Many of the creatures rejoiced at the Good News and rushed to share it, but nobody really understood it completely, and there wasn’t unanimous understanding of what made the News so Good or how exactly it had taken effect. In fact, the evidence was sketchy that it had had any effect at all. Most of the creatures went on in fear and scarcity and kept on abusing and murdering one another—including many of those who most ardently proclaimed the Good News. But others told the story compellingly, and as a result, some learned to live lives of thankfulness, joy, and self-sacrificial caring. So here we are today, the inheritors of a story in which the Creator becomes the created, dies, and saves the unwitting world of creatures who still struggle to understand just what happened there.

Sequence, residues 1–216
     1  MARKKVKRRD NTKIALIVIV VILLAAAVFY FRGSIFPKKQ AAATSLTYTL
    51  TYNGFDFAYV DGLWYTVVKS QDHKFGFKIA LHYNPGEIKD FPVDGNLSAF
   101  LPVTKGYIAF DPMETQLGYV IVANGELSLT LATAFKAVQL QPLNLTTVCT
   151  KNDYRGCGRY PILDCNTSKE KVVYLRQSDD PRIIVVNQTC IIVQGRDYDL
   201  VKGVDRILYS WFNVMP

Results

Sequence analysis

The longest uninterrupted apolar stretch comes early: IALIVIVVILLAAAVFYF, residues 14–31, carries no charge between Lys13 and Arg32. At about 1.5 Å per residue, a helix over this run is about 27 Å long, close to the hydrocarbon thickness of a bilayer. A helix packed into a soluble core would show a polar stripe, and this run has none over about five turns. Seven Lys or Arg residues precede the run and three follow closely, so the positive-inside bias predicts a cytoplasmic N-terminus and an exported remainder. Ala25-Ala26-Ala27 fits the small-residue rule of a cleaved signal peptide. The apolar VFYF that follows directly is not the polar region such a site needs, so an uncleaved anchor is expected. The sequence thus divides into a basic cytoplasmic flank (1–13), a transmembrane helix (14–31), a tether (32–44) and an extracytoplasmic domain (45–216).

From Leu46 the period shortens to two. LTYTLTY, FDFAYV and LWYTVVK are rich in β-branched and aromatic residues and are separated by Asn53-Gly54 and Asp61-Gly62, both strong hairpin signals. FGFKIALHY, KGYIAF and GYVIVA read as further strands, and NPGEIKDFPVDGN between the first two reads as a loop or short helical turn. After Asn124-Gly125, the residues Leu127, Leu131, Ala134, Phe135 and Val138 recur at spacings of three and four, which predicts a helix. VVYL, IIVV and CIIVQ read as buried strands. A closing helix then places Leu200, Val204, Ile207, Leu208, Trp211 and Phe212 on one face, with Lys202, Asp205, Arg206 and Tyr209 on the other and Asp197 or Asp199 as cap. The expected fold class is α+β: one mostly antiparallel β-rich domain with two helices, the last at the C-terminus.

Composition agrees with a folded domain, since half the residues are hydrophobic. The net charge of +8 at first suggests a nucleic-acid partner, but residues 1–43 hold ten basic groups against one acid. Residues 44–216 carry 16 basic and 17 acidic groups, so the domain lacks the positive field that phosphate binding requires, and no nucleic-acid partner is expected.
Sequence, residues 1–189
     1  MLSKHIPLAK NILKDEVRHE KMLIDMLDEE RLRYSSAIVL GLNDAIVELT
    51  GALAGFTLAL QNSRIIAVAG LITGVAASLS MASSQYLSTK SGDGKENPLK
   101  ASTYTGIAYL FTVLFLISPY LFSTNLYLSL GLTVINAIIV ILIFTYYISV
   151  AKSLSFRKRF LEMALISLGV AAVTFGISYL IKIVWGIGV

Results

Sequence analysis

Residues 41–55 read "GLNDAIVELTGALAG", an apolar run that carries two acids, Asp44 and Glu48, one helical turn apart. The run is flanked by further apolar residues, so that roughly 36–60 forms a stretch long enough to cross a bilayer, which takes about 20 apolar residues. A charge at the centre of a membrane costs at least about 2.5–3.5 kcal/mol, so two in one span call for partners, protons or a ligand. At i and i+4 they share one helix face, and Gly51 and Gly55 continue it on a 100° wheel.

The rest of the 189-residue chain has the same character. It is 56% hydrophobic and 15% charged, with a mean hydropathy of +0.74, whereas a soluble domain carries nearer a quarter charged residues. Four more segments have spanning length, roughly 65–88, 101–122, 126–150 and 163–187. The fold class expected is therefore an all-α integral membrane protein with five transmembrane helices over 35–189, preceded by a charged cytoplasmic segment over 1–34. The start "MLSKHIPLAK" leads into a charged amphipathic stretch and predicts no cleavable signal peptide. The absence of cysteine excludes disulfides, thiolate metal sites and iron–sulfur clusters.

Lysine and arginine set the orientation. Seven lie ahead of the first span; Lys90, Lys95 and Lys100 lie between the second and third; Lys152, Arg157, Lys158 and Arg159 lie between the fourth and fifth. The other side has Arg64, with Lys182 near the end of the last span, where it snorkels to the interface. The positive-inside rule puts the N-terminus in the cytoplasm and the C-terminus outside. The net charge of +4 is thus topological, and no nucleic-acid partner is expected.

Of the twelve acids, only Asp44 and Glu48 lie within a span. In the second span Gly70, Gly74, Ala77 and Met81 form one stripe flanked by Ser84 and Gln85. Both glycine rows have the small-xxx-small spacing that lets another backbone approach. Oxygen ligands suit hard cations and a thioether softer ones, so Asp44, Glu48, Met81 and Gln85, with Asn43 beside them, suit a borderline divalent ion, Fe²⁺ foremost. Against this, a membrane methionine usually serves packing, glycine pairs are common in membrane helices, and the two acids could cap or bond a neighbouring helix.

Does this story make sense to you? Or does it just sound like foolishness?
Paul writes to the Corinthians, “The message about the cross is foolishness to those who are perishing, but to us who are being saved it is the power of God … For God’s foolishness is wiser than human wisdom, and God’s weakness is stronger than human strength.
We all know what it feels like to be foolish and weak. It’s not a good feeling, so we spend much of our lives avoiding it. We shore ourselves up with money, education, possessions, street smarts, influence … we grab onto anything we can to avoid foolishness and weakness. But sooner or later, it all fails us. Sometimes we do look ridiculous. Sometimes we do run up against the limits of our strength. At the end of the day, we are all, always, foolish and weak.